Head: Your head, believe or not, is very important. A head, and therefore brain that is exposed for long periods of time to cold temperatures will not function properly. You will start to loose concentration, and make judgment mistakes; your reaction time will diminish dramatically. At the very least, wear a balaclava, preferably with a silk hood underneath it. An advantage of a balaclava, one that goes up to your nose, is that it will prevent your visor from fogging up, something, no matter how good your visor, will happen in the winter.

Since you will find that cold air will enter your back, get a proper neck warmer that covers your neck, chest and shoulder.

Next we’ll look at what you need to do for your motorcycle in order to ride it in the winter.

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We all know by now that Harley-Davidson motorcycles are known for their potato-potato-potato sound. You can recognize a Harley miles away just from its sound (and probably the loud pipes). The same goes for most BMW and Ducati motorcycles.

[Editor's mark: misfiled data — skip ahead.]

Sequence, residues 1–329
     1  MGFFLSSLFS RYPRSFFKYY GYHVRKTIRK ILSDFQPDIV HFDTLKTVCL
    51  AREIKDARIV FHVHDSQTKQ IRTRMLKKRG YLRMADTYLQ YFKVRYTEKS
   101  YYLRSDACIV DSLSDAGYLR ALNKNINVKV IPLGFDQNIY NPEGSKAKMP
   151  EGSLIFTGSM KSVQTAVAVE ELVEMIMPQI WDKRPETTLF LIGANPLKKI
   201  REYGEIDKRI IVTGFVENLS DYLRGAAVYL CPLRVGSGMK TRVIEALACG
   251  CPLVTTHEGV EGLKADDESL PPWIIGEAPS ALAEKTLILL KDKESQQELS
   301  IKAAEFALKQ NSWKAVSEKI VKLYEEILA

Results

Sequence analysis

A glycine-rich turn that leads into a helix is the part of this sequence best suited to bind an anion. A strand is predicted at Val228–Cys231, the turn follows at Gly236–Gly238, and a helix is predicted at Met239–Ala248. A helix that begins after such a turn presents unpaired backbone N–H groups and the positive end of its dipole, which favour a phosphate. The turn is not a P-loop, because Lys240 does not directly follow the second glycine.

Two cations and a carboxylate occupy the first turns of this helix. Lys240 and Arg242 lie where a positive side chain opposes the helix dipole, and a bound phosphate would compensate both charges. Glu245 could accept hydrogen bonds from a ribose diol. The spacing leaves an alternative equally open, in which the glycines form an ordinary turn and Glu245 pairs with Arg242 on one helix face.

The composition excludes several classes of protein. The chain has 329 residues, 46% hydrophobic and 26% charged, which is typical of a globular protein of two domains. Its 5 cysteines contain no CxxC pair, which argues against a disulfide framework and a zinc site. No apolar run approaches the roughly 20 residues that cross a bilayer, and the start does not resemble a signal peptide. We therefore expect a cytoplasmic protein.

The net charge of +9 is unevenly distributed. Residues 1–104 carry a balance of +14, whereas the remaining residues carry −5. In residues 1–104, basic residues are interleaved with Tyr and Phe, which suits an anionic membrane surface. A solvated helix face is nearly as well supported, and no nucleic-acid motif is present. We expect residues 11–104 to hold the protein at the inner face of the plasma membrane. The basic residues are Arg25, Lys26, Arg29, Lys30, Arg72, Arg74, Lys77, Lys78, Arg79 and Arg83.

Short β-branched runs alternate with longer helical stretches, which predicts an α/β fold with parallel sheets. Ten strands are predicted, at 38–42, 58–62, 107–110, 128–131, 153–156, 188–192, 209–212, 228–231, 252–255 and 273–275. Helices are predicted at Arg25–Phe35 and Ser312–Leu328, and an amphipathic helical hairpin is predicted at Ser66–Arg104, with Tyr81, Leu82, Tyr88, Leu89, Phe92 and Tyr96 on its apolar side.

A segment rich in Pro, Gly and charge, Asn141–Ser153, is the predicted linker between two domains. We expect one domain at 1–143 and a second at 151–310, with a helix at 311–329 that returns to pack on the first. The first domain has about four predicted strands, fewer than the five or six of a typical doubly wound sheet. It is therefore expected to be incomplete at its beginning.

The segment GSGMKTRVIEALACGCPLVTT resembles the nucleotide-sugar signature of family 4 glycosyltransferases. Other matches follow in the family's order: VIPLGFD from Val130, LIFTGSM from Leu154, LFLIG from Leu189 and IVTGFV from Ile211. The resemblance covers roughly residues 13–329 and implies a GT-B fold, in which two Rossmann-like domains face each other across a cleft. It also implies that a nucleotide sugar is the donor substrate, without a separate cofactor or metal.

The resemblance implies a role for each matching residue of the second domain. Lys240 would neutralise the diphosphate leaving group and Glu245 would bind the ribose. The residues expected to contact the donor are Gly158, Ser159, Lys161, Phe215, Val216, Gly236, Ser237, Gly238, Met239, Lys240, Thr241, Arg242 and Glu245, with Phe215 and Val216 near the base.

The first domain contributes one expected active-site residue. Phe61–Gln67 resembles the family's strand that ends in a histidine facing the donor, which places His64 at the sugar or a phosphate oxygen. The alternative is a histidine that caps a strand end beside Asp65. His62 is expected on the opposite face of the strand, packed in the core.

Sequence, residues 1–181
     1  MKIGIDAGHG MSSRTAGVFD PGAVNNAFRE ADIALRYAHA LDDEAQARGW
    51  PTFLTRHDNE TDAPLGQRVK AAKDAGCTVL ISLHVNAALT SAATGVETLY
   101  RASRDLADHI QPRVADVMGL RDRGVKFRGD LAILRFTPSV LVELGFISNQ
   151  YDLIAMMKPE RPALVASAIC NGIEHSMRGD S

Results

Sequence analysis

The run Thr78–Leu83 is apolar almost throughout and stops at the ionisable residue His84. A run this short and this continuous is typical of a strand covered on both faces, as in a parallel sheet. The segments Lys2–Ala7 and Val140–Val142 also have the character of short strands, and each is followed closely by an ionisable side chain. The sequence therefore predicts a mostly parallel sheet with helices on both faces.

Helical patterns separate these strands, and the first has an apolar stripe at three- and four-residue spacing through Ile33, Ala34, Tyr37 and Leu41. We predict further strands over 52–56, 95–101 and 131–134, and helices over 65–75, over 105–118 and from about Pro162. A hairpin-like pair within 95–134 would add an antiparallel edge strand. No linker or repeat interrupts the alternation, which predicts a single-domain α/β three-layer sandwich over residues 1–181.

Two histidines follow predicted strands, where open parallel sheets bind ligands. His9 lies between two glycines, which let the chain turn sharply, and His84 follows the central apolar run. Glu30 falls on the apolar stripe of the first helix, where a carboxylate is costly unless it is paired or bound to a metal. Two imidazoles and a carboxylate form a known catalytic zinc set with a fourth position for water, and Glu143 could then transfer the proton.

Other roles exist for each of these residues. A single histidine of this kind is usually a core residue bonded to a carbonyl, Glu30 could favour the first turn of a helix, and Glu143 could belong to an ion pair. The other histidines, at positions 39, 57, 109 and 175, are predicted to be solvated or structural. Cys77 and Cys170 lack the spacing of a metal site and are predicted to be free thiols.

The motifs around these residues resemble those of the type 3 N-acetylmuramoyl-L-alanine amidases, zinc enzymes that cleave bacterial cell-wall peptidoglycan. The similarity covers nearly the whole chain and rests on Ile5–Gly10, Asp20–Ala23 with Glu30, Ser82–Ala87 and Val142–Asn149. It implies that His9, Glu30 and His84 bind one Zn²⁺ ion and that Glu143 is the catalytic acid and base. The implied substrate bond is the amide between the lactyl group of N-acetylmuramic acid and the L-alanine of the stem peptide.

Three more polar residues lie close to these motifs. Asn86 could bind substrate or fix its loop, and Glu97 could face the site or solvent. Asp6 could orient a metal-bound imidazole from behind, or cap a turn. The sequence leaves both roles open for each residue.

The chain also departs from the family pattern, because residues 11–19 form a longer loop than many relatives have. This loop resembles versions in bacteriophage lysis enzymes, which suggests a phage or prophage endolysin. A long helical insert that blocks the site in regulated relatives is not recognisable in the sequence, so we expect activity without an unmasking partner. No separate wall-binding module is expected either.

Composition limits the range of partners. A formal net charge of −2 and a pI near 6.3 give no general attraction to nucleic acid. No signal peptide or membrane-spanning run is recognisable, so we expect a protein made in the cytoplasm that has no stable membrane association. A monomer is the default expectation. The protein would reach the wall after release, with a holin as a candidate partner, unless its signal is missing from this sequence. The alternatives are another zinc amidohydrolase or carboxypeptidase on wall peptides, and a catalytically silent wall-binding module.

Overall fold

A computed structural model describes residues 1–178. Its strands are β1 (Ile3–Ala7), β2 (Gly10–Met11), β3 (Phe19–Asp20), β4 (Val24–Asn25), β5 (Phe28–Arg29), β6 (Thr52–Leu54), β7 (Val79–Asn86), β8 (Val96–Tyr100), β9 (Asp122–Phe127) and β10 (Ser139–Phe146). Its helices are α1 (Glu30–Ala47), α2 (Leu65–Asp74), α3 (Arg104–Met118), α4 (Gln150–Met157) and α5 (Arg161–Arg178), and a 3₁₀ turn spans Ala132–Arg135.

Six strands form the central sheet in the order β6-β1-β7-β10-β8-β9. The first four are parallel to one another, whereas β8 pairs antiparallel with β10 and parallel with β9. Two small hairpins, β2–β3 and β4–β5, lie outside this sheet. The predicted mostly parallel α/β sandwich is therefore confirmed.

But did you know that the sounds are engineered? It used to be that engineers and designers looked after the engine and then the motorcycle frame; the sound came automatically afterward. The only thing the engineers looked at when it came to the sound of the engine, was if it stayed within the legal regulations envelope.

(c) Harley-Davidson

If the sound sounded dull, they adapted the exhaust noise. But Harley wanted more. They continued their research and found that people liked the potato-potato-potato sound, so they set out to replicate it on all their motorcycles. During the ’90s they even went so far as to patent their sound, but despite popular believe, their attempt was unsuccessful.

This brought in a new profession in the motorcycle industry; Acoustic Engineers. Almost all, if not all, manufacturers have at least one. Their job is to ensure that when you fire up your engine, it doesn’t sound like a lame duck with a severe flu. Nothing turns off a biker more than the sound of a lawnmower, not a real motorcycle when starting up their bike.

(c) BMW Motorrad

BMW have a special wind tunnel that generates a wind flow of 200 kph, but is totally silent. This allows their engineers to measure and analyze the sound coming from the motorcycle’s engine, exhaust and frame. Special care is taken with vibrations from different parts of the motorcycle, as to ensure that they do not disrupt the bike’s melody. A test dummy sits on top of the motorcycle, and hears everything a normal biker will. That sound is recorded, and analyzed for further improvements.